All fourteen Australian and New Zealand Children’s Commissioners and Guardians (ANZCCG) have united in opposing new legislation introduced by the Northern Territory Government, which proposes to alter the NT’s Youth Justice Act and Bail Act.
The commissioners and guardians wrote to NT Chief Minister Michael Gunner at the end of March expressing their concerns about the legislation and asking him to reconsider his approach. They have not received a reply.
Their letter said the proposed changes are “regressive” and “signal a shift away from evidence-based policy approaches and directly unwind the implementation of key recommendations from the 2017 Royal Commission”.
National Children’s Commissioner Anne Hollonds said, “All the evidence tells us the best way to prevent youth offending is to divert young people away from the justice system and into alternative programs that offer the support they need.
“Children who come to the attention of our justice systems are some of the most vulnerable and disadvantaged members of our communities, often with backgrounds of abuse or neglect.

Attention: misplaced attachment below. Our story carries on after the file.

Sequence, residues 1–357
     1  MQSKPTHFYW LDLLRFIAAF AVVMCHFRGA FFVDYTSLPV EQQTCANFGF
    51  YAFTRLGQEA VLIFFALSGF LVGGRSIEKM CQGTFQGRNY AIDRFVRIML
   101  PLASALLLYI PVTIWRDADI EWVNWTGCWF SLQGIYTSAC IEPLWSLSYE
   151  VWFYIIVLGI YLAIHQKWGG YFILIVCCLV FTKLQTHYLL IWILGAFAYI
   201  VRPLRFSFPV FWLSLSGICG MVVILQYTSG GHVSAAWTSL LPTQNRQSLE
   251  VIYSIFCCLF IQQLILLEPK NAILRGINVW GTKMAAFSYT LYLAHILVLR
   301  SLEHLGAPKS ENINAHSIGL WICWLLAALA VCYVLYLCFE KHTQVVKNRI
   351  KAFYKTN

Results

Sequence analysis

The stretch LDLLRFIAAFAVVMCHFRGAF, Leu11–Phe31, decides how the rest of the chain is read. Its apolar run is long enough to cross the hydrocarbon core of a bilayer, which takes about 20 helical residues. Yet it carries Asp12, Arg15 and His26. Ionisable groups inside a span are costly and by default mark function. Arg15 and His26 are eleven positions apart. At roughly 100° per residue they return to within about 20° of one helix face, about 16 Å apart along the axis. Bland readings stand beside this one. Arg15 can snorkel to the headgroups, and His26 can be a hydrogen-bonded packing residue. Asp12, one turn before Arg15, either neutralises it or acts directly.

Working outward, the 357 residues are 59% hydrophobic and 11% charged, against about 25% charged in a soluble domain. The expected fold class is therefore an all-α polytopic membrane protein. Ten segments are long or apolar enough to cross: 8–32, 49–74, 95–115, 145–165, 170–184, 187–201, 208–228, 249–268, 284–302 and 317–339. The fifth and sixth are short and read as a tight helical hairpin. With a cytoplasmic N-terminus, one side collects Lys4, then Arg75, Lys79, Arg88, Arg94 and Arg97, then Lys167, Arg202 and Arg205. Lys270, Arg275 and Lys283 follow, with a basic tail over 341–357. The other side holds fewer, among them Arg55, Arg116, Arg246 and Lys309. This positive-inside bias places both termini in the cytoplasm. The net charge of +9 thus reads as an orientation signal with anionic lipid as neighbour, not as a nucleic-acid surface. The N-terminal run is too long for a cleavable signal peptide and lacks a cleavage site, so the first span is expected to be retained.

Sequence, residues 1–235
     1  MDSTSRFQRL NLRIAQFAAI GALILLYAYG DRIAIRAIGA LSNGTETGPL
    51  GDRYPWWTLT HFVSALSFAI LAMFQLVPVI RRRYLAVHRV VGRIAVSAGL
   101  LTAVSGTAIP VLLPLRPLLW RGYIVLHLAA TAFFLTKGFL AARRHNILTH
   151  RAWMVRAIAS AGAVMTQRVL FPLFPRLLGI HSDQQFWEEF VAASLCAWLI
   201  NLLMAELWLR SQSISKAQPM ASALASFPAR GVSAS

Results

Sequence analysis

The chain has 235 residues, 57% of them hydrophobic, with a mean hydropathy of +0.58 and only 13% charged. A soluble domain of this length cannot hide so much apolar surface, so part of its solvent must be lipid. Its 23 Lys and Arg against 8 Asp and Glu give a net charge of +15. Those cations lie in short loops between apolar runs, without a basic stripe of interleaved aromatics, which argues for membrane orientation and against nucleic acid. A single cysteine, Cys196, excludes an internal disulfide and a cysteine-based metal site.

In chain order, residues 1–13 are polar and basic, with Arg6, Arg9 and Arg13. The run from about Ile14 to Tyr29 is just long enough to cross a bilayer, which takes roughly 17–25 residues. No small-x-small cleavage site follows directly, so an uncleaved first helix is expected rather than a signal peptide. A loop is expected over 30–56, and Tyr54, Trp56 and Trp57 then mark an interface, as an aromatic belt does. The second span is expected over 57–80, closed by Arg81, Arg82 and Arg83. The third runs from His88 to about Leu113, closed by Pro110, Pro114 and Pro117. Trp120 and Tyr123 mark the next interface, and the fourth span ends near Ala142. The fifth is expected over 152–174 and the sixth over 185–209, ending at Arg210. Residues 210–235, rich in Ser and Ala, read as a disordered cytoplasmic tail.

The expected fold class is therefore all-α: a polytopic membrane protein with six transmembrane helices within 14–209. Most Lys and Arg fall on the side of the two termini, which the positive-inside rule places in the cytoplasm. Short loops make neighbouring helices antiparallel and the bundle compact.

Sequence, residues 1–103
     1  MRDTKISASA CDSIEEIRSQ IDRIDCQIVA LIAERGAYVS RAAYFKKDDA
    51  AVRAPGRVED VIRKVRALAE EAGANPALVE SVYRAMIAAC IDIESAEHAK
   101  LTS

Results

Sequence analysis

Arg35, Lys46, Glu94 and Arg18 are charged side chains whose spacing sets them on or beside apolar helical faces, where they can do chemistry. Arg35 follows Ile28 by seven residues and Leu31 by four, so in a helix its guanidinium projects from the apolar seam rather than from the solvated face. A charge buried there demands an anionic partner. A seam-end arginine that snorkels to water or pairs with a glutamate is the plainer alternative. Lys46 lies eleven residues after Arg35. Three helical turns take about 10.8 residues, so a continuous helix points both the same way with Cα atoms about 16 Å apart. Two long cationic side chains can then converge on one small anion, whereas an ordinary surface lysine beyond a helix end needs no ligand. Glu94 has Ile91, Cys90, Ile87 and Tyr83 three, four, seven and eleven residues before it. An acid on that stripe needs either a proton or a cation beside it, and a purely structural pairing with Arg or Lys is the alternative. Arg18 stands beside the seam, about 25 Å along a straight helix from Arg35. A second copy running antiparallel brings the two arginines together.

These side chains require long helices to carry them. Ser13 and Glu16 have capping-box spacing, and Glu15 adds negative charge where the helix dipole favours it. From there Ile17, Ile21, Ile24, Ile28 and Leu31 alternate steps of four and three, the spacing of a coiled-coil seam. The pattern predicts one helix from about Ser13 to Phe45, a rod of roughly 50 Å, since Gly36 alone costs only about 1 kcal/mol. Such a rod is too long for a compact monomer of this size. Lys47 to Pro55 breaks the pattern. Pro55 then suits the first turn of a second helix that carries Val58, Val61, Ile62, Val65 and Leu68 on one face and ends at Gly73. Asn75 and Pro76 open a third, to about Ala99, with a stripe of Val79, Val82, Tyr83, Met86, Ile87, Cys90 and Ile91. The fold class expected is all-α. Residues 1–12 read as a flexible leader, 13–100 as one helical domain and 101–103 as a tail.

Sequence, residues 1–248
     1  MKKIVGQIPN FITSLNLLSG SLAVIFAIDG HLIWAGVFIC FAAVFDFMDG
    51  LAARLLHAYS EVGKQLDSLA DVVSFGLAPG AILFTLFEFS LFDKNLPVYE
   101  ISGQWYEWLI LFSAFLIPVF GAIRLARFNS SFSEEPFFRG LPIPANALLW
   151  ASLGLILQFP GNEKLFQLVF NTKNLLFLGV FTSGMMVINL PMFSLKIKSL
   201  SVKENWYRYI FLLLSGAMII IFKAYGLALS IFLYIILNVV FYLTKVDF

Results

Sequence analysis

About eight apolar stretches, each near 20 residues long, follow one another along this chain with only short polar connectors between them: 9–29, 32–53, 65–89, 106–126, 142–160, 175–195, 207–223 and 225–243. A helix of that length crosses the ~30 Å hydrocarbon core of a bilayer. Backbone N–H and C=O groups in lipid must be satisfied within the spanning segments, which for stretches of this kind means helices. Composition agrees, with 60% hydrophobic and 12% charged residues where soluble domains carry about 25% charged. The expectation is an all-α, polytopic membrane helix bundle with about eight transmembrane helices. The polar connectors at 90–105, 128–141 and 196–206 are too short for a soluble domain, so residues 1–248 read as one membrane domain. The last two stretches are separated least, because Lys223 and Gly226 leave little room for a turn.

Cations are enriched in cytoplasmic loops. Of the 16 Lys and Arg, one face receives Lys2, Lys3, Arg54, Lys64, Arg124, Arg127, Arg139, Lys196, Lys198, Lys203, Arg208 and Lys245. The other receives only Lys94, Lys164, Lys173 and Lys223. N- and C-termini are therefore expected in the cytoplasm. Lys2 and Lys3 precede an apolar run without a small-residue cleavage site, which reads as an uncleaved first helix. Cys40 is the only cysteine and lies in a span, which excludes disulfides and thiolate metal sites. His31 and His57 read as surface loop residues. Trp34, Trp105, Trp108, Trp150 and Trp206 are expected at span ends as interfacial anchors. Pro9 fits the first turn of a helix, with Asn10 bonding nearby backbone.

This legislation may well have the effect of trapping young people within the justice system where they might otherwise have had an opportunity to find a better path.”
NT Children’s Commissioner Ms Sievers said, “Resorting to this regressive and expensive policy direction has the potential to doom future generations of Territory children to a life within the justice system.”
If passed, the legislation would make it easier for police to use electronic monitoring, restrict access for young people to diversionary programs, and result in far more children being held in detention on remand.
The Northern Territory already has the highest rates of child detention anywhere in Australia.
The ANZCCG stands with Indigenous leaders, legal experts and peak bodies including Larrakia elders, the North Australian Aboriginal Justice Agency, NT Criminal Lawyers Association, Australian Lawyers Alliance, NT Council of Social Services, Central Australian Youth Justice and Jesuit Social Services in opposing the legislation.